1901 May 18 at 05:33:48.0 TD (05:33:48.9 UT1)
Coordinate Sun Moon
Right Ascension03h37m03.3s03h37m15.9s
Declination+19°23'51.8"+19°02'00.5"
Semi-Diameter 15'48.4" 16'37.0"
Eq. Hor. Parallax 08.7" 1°00'58.9"
Geocentric Libration of Moon
Angle Value
l 1.9°
b 0.5°
c -14.9°
Prediction Paramaters
Paramater Value
Ephemerides JPL DE406
ΔT -0.9 s
k (penumbra) 0.2725076
k (umbra) 0.2722810
Saros Series 136 (31/71)

Explanation of Solar Eclipse Data Tables

Penumbral Shadow Contacts and Extremes: Total Solar Eclipse of 1901 May 18

Contacts of Penumbral Shadow with Earth
Contact Event Contact Time
TD
Time
UT1
Latitude Longitude
First External ContactP102:59:47.902:59:48.820°20.6'S051°35.7'E
First Internal ContactP205:03:42.905:03:43.854°07.5'S042°14.9'E
Last Internal ContactP306:04:00.506:04:01.340°31.0'S160°31.7'E
Last External ContactP408:07:52.808:07:53.705°36.9'S145°05.4'E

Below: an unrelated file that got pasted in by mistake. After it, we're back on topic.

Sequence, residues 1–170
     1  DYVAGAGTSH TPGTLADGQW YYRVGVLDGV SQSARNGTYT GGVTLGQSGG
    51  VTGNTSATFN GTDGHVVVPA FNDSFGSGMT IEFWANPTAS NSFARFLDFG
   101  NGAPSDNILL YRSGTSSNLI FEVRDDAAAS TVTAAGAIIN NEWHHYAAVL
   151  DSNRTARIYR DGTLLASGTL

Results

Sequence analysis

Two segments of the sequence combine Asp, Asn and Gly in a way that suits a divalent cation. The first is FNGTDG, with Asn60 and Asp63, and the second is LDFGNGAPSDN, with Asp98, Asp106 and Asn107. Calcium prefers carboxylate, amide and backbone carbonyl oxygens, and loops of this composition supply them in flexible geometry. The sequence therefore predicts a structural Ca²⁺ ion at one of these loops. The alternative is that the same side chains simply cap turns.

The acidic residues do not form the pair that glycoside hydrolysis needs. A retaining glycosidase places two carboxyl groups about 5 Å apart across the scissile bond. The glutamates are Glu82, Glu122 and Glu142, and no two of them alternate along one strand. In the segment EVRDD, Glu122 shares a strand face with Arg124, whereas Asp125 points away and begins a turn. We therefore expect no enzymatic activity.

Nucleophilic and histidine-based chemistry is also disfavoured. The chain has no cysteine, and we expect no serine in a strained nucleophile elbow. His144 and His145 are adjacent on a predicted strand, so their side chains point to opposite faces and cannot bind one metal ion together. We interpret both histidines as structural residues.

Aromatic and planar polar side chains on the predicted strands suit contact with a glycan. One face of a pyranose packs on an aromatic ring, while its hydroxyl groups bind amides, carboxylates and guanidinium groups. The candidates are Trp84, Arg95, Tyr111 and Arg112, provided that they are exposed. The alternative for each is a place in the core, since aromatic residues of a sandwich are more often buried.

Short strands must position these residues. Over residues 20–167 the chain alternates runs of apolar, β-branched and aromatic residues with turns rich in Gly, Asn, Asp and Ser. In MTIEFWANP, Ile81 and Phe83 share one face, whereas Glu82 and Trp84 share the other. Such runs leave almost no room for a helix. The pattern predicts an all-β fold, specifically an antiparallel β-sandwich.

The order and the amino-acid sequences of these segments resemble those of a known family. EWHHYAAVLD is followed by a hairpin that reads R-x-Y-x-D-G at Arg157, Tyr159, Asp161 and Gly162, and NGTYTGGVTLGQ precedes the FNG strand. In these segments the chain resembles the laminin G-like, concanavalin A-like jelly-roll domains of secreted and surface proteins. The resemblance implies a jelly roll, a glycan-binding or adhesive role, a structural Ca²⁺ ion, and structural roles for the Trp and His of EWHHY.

Extreme Northern and Southern Path Limits of Penumbra
Contact Event Contact Time
TD
Time
UT1
Latitude Longitude
North Extreme Path Limit 1N103:59:34.503:59:35.401°36.0'N028°35.6'E
South Extreme Path Limit 1S104:43:49.204:43:50.163°30.3'S063°00.8'E
North Extreme Path Limit 2N207:07:59.607:08:00.516°21.6'N167°59.2'E
South Extreme Path Limit 2S206:23:58.906:23:59.751°25.8'S146°50.2'E

Explanation of Penumbral Shadow Contacts and Extremes Tables

Umbral Shadow Contacts and Extremes: Total Solar Eclipse of 1901 May 18

Contacts of Umbral Shadow with Earth
Contact Event Contact Time
TD
Time
UT1
Latitude Longitude
First External ContactU103:56:01.203:56:02.127°09.4'S040°26.6'E
First Internal ContactU203:58:57.403:58:58.327°42.3'S039°57.6'E
Last Internal ContactU307:08:43.707:08:44.513°03.7'S157°10.5'E
Last External ContactU407:11:37.607:11:38.512°30.7'S156°39.3'E
Extreme Northern and Southern Path Limits of Umbra
Contact Event Contact Time
TD
Time
UT1
Latitude Longitude
North Extreme Path Limit 1N103:57:10.203:57:11.126°40.8'S039°56.5'E
South Extreme Path Limit 1S103:57:49.903:57:50.828°10.7'S040°27.5'E
North Extreme Path Limit 2N207:10:29.307:10:30.212°02.1'S157°07.0'E
South Extreme Path Limit 2S207:09:50.407:09:51.313°32.2'S156°43.2'E

Explanation of Umbral Shadow Contacts and Extremes Tables

Central Line Extremes and Duration: Total Solar Eclipse of 1901 May 18

Extreme Limits of the Central Line